Financial orders refer to the orders that the court can make concerning the financial arrangements between spouses or civil partners in case of divorce or dissolution of a civil partnership. Financial orders can cover various aspects such as the division of property, maintenance payments, and lump sum payments. The purpose of this article is to provide an overview of financial orders in the context of UK family law. It will discuss the legal requirements for financial orders, the types of financial orders, the factors that the court considers when making financial orders, and the challenges and limitations of financial orders. A family law solicitor specialises in navigating the complexities of financial orders and can provide valuable guidance throughout the process.
Definition of Financial Orders
Financial orders are legal directives issued by the court in family law cases concerning the division of finances, assets, and income between the parties involved in a relationship breakdown. Financial orders can be made in divorce, civil partnership dissolution, and other family law proceedings, and they are aimed at ensuring a fair and equitable distribution of assets, income, and other financial resources between the parties.
Financial orders are essential in family law cases as they establish the financial arrangements and obligations of the parties involved, including child support, spousal maintenance, division of property and assets, and other financial matters. Financial orders are crucial to ensure that both parties are treated fairly and equitably in the division of financial resources, and that the interests of children and other dependents are protected. Financial orders also provide certainty and stability to the parties involved, enabling them to move on with their lives after a relationship breakdown.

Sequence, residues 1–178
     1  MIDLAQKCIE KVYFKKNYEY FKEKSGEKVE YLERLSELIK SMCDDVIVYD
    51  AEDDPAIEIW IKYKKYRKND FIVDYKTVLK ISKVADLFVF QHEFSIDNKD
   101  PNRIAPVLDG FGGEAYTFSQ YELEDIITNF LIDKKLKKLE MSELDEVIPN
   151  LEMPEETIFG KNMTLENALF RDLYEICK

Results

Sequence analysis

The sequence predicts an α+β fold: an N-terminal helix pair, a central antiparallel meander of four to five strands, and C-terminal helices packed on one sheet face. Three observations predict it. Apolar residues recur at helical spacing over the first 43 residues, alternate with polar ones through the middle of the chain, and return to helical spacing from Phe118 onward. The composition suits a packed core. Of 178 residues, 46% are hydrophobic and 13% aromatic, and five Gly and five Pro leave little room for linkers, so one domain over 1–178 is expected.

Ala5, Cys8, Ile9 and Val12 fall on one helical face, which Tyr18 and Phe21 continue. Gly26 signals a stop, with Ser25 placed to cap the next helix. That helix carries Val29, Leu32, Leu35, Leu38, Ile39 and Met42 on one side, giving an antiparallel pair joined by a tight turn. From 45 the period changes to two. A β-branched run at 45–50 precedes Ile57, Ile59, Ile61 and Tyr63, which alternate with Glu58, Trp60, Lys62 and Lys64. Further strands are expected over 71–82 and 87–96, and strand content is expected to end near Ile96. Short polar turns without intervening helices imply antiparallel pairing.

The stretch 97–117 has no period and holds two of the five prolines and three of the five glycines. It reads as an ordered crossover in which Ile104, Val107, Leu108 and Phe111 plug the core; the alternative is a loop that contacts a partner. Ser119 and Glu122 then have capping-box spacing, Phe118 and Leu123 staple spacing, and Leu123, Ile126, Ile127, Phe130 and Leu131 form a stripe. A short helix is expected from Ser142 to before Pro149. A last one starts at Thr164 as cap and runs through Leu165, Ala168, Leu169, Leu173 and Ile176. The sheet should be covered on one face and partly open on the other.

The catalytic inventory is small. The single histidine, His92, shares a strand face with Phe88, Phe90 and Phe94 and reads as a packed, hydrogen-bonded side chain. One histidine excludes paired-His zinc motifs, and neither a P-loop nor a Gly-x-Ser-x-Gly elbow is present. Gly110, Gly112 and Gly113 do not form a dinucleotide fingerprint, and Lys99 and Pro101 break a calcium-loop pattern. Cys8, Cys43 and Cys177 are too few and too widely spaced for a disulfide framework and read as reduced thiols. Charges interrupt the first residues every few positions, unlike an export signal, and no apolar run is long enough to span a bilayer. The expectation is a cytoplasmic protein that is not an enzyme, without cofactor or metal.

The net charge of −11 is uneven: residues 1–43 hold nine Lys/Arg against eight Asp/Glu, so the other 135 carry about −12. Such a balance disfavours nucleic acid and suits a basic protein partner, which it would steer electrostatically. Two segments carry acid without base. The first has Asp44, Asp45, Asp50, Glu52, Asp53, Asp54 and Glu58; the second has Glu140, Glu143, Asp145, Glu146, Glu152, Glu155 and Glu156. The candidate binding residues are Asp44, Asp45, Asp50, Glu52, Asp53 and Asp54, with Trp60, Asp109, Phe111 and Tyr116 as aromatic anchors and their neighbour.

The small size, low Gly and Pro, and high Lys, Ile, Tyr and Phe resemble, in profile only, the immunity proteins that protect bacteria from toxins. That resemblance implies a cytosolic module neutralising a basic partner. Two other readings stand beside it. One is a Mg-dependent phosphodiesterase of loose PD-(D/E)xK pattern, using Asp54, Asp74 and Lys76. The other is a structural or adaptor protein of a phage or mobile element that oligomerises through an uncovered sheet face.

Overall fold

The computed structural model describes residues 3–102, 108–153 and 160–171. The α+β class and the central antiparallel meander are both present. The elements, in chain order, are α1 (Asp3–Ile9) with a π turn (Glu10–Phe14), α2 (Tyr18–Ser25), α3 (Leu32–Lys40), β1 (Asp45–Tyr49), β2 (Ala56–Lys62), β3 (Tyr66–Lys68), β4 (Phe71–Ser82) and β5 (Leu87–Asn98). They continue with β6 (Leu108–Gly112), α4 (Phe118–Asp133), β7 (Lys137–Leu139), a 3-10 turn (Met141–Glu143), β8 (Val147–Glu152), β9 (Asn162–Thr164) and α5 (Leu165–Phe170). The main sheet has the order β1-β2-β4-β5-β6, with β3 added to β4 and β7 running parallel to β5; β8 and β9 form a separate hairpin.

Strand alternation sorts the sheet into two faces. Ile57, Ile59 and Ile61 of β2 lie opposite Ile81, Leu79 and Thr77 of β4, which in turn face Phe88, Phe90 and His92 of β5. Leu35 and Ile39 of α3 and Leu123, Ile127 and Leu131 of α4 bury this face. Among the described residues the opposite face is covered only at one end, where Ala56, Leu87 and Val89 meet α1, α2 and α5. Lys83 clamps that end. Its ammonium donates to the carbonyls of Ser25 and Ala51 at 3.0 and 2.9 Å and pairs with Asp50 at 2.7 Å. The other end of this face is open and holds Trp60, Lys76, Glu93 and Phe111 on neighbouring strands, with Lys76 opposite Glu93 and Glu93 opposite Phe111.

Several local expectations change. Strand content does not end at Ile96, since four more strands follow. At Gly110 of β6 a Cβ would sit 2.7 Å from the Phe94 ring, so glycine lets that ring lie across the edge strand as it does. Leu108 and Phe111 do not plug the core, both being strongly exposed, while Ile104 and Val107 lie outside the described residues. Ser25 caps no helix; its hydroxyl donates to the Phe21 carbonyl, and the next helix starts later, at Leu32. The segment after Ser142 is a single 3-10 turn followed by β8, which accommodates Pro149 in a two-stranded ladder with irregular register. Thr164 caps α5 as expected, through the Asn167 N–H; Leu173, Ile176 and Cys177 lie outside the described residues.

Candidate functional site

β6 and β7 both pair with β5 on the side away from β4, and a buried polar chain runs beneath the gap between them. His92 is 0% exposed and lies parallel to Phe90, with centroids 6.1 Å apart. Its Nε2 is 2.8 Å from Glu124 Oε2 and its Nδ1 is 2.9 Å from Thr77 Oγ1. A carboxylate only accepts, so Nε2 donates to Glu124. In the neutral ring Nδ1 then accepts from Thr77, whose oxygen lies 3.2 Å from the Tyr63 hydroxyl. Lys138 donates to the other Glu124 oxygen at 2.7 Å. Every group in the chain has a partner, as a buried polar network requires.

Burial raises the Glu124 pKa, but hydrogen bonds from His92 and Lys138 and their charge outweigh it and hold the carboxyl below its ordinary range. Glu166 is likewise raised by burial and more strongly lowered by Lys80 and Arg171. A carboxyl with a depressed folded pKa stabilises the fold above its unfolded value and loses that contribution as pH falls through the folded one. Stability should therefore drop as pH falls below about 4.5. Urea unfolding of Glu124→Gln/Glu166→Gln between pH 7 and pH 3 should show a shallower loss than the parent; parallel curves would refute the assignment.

Types of Financial Orders
A. Maintenance Orders: These are court orders that require one party to make regular payments to the other party for the maintenance of the latter and/or any children of the family. Maintenance orders may be for a limited or indefinite period and can be varied or discharged by the court upon an application by either party.
B. Lump Sum Orders: These are court orders that require one party to pay a specified sum of money to the other party in one payment or in instalments. Lump sum orders are often used to provide a clean break between the parties and may be made in addition to or in lieu of other financial orders.
C. Property Adjustment Orders: These are court orders that require the transfer or sale of property between the parties, such as the family home, to achieve a fair division of assets. The court may also order the transfer of other assets, such as shares, savings or investments.
D. Pension Sharing Orders: These are court orders that require the pension provider to transfer a portion of one party’s pension to the other party to achieve a fair division of assets. Pension sharing orders may be made in addition to or in lieu of other financial orders.
E. Child Maintenance Service: This is a government agency that provides an alternative to court-ordered maintenance payments for separated parents who cannot agree on the financial support of their children. The Child Maintenance Service can calculate the amount of maintenance payable and enforce payment if necessary.